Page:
WHD senior partners have been rewarded well for their service in writing mining legislation for Walker, GOP, and G-TAC. In February 2011, Mary Stitt (husband Donald is partner with WHD) was paid $215,000 by the Walker Campaign as “lead fundraiser” for Scott Walker. In July 2011, Don Daugherty, Senior Partner at WHD was appointed to Walker’s “Judicial Selection Advisory Commission.” WHD Partners also contributed $6,000 just in individual contributions to the Walker recall campaign.
With all this effort and investment, it would seem unlikely G-TAC would just “pack it up.” This is not mere speculation – they are waiting for the right time, and it will be January 2013.
A letter dated January 16, 2012 from The Wisconsin Mining Association (Tim Sullivan, President) urged Assembly passage of AB426:
Our board is supportive of AB 426 because
we believe the legislation accomplishes…goals critical to creating a reasonable regulatory framework under which we can promote responsible iron mining in this state.
At the bottom of the list of WMA Board Members are two names – Jim and Kennan Wood, of Wood Communications Group. Today, as Badger Democracy was preparing this expose, The Progressive published a July 19, 2012 letter from Wisconsin Manufacturers and Commerce Senior Vice President James Buchen to Kennan Wood. The letter references a meeting between “Kurt (Bauer), Scott (Manley – WMC Director of Environment and Energy Policy), and Buchen. The strategy is laid out, confirming the lobbying activity and connecting the dots. In brief, the strategy is to continue allowing G-TAC to take the lead in any further legislation, and wait out the results of the November election – without mentioning the issue to “George Meyer, Bob Jauch, or anyone else.”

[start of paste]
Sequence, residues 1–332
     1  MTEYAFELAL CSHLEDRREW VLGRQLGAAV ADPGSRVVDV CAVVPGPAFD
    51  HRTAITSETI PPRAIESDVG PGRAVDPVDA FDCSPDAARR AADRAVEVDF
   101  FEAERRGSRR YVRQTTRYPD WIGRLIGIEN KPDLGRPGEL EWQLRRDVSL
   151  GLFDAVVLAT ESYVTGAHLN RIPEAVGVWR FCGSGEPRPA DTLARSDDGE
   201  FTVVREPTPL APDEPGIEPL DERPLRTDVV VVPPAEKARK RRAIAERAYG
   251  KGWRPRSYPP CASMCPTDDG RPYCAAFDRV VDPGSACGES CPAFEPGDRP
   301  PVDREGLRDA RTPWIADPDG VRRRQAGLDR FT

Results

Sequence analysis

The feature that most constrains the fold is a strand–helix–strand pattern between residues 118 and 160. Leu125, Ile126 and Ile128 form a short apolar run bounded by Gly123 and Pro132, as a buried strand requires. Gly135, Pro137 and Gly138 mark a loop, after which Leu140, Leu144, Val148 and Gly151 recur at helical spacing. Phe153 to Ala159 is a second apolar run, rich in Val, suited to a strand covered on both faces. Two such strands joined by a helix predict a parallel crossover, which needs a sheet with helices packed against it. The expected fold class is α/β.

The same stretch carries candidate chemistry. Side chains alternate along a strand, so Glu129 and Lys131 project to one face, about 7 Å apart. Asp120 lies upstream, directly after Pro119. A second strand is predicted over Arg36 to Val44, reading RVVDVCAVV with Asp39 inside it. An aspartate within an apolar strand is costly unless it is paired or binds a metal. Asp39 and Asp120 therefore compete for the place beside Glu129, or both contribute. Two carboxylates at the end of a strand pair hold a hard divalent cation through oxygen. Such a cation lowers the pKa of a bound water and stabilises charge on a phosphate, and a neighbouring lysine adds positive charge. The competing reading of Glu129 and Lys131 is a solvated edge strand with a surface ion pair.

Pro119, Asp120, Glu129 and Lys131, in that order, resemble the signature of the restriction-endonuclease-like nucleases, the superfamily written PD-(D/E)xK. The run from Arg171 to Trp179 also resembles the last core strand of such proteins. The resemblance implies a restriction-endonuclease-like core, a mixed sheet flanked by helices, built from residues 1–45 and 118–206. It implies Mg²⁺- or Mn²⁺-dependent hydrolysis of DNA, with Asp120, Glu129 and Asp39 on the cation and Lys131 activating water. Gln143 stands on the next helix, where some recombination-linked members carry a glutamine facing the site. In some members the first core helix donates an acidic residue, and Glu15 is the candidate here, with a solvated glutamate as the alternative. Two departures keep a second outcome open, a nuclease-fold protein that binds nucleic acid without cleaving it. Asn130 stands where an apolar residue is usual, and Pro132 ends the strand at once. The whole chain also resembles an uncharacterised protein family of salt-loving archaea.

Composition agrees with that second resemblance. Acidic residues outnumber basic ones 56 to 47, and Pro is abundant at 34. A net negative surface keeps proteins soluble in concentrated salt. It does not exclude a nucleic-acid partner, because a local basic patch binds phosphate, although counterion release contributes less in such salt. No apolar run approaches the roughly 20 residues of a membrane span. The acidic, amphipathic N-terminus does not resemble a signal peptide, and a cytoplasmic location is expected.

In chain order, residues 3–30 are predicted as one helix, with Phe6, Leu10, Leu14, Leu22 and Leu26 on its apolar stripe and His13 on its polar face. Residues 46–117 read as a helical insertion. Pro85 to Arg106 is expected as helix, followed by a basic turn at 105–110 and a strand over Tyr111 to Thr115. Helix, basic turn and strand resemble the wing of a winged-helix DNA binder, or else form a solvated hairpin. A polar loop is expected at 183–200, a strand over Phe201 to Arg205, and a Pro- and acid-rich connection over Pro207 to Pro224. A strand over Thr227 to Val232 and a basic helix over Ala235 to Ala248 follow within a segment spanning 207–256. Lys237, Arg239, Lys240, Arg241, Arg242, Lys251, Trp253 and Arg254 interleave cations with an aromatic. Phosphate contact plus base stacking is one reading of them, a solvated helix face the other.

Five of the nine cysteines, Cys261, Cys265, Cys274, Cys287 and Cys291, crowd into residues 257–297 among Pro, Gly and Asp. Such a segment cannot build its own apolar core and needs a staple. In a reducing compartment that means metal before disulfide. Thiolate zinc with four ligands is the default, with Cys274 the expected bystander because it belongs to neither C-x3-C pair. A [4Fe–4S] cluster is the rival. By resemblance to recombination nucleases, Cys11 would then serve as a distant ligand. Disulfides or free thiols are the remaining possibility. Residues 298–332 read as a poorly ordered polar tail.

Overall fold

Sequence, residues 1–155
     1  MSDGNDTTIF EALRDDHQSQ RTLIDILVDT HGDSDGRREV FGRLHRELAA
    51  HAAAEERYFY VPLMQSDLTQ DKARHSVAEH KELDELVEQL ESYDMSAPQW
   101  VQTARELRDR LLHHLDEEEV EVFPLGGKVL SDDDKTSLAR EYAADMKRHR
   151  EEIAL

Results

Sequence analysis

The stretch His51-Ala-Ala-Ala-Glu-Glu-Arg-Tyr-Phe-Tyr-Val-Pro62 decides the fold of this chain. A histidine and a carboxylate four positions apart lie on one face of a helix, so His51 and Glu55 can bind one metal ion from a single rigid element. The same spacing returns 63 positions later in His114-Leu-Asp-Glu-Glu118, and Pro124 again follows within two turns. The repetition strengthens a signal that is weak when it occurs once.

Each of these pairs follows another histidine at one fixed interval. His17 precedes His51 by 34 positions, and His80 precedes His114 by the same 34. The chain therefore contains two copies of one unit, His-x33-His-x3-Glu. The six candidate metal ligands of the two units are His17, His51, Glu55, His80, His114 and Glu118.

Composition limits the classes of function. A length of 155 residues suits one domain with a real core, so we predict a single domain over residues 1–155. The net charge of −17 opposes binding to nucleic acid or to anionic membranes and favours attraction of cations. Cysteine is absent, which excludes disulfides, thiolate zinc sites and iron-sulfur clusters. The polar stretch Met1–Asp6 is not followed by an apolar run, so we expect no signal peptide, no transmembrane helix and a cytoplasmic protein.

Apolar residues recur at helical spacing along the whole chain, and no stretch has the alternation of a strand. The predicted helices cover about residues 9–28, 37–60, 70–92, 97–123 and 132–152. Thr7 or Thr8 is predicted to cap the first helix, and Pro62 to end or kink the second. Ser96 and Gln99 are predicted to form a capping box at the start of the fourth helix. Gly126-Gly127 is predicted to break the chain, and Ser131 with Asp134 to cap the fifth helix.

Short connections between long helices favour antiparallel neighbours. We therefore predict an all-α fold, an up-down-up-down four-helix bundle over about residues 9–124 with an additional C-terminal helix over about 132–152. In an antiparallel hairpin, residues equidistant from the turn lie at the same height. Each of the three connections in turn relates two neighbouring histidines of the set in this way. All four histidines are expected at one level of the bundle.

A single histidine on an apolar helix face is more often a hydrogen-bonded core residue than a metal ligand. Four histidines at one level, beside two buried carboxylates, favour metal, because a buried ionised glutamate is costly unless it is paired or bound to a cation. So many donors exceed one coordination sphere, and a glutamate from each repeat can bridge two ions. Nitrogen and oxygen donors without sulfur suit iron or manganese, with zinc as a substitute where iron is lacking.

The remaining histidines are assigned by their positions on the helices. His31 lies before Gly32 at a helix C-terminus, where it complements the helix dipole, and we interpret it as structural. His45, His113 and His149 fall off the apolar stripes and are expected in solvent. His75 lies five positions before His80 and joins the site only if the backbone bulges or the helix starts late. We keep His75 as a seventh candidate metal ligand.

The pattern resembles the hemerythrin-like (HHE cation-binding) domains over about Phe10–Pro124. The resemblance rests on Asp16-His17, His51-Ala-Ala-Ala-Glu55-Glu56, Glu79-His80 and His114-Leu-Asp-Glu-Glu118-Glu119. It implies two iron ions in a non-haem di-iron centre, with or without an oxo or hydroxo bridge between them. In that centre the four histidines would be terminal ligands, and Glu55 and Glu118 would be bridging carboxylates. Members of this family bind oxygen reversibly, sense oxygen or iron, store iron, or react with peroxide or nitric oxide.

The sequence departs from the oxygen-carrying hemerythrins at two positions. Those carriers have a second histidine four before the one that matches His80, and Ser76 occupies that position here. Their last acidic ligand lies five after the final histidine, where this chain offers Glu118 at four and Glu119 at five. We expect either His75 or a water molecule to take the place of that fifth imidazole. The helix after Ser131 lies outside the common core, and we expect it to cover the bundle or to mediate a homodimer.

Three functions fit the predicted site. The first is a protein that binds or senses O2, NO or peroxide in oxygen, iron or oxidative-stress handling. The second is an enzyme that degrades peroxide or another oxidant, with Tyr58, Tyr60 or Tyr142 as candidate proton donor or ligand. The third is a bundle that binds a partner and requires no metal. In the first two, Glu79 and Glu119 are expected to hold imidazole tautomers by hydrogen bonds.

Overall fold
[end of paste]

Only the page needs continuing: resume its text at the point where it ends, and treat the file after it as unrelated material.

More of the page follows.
Sorry WMC, WMA, and G-TAC – your secret is out. The question is, why is this being pursued so persistently? Former chief state geologist Bruce Brown has questioned the economic feasibility of the Gogebic Taconite mine. While G-TAC had received permits to do exploratory sample drilling, they have since cancelled those permits. According to the DNR, G-TAC has not taken any core samples at the mine site. According to Brown, there are two major issues. First – the sharp pitch of the iron ore. Normal pitch is around 50-56 degrees; at the Gogebic site, the pitch is 60-70 degrees. Second, the surface rock, according to Brown, is very deep – and may have a heavy sulfide composition creating additional costly extraction issues.
The DNR considers the Gogebic Mine to be a non-issue, remarking that the company has ceased all operations and cancelled permits. Yet they continue to invest political and financial capital into the project. If they haven’t taken samples, what are they (literally) banking on?
One anonymous DNR scientist shed some light on that question. The current mineral rights are owned by three companies – LaPoint, RGGS, and US Steel. According to the DNR, US Steel had made many exploratory efforts in the Gogebic range from 1950-1970. G-TAC is leasing the mining rights to that land from those companies. It is very possible that G-TAC has already seen results of core tests previously taken by US Steel. The effort being put into this legislative process by G-TAC is consistent with having knowledge, even if slightly outdated, that the mine would be highly profitable.
For the record, G-TAC did not respond to repeated questions regarding this article. Should the GOP take the elections in November, we will see a mining bill, written by G-TAC, again. And they will have an even greater vested interest in its passage.